Book Review: The Mice Before Christmas

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The Mice Before Christmas Anne L. Watson, Wendy Edelson, 2021 New Release! A copy of this book was provided by Netgalley for the purpose of review.  Summary of my review: Awwwwwww! This cute little book posits that those mice who weren't stirring the night before Christmas must have had an awfully busy day. Playful verse and charming illustrations follow a sprawling mouse clan coming together for a massive party. It's a bit reminiscent of the opening of The Nutcracker and dozens of other stories that feature a party in a grand family house.  The writing is sweet, but the art is the real star here. Big illustrations full of tiny details, down to the patterned fabric of tiny mouse frock coats.  In case it isn't already clear, this leans heavily into a prosperous European image of Christmas in which a holiday party features hundreds of participants, multiple courses for dinner, plus live music and dancing. I think the art is adorable, but I wanted to point that out. Many stori

Stash Holiday Teas

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As soon as the weather started to get wet and cold around here, I started thinking more about tea. On a whim, I picked up a six-flavor assortment from Stash Tea Company called "Holidays Are Here." The six flavors include two caffeinated black tea blends and four decaf herbal teas. This is this year's selection, although it seems that the company has offered slightly different combinations of flavors in other years.  Cranberry Pomegranate This has a nice fruity smell, similar to other berry teas I've had. It was a bit more tart than I expected from the smell, but it grew on me. I did find the flavor a little thin alone, but a touch of honey balanced it nicely. Cinnamon Vanilla The tea bag smelled strongly of cinnamon, although mostly I tasted the rooibos tea base. Happily, I like rooibos. It is a nice blend with a mildly spiced aftertaste, although definitely not much vanilla at first. The flavors deepened as the tea cooled, which I found to be the case with most flavo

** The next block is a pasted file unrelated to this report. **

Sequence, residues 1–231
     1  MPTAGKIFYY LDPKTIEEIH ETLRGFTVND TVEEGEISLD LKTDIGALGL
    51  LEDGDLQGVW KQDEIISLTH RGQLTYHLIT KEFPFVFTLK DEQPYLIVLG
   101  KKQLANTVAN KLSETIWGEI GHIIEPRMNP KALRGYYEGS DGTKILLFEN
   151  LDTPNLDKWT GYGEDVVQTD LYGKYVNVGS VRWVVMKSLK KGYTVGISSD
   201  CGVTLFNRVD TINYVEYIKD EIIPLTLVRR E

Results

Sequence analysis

Dance Dreams: The Hot Chocolate Nutcracker (2020)

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We've watched a lot of Nutcrackers over the years, but nothing like Debbie Allen's Hot Chocolate Nutcracker.  Created as a showcase and fundraiser for the Debbie Allen Dance Academy (DADA), the Hot Chocolate Nutcracker appears to follow the rough outlines of the traditional ballet (girl gets toy at party, toy breaks, magic happens, crazy tour through fantastical realms), but replaces the standard dance and music with dialogue, comedy, and a vast and ever-evolving variety of musical and dance styles.  I say "appears to" because this documentary follows the rehearsal and backstage information about the show. It's not a recording of a full performance, so we only get to see snippets.  Interspersed with clips of rehearsal and interviews with young performers, we also get basic background on Allen's career, the founding of DADA, and some of the ongoing barriers facing Black dancers, particularly in ballet.  I felt the film was fairly well-balanced between showing t

Book Review: A Christmas to Fight For

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A Christmas to Fight For Jessica Frances, 2021 New Release! A copy of this book was provided by Netgalley for the purpose of review. I was amused enough by the premise of this book to request a copy for review: a romance between a krampus and a Santa Claus (both appear to be magical races in this world).  And on reading it, I was amused by the book and overall enjoyed it, but I need to address a couple problems.  First, the author advertises the fact that the book was professionally edited, but the book needs another edit. Or better editors. The copy I read had enough typos and mistakes in the beginning that I almost stopped reading (and likely would have were I not planning to review it for this site). Missing words, incorrect verb tenses, and awkward phrases all abound early on. The errors drop off at some point, although they did appear occasionally all the way to the end. I did get this from Netgalley - maybe this copy wasn't final? However, the file didn't say advance or u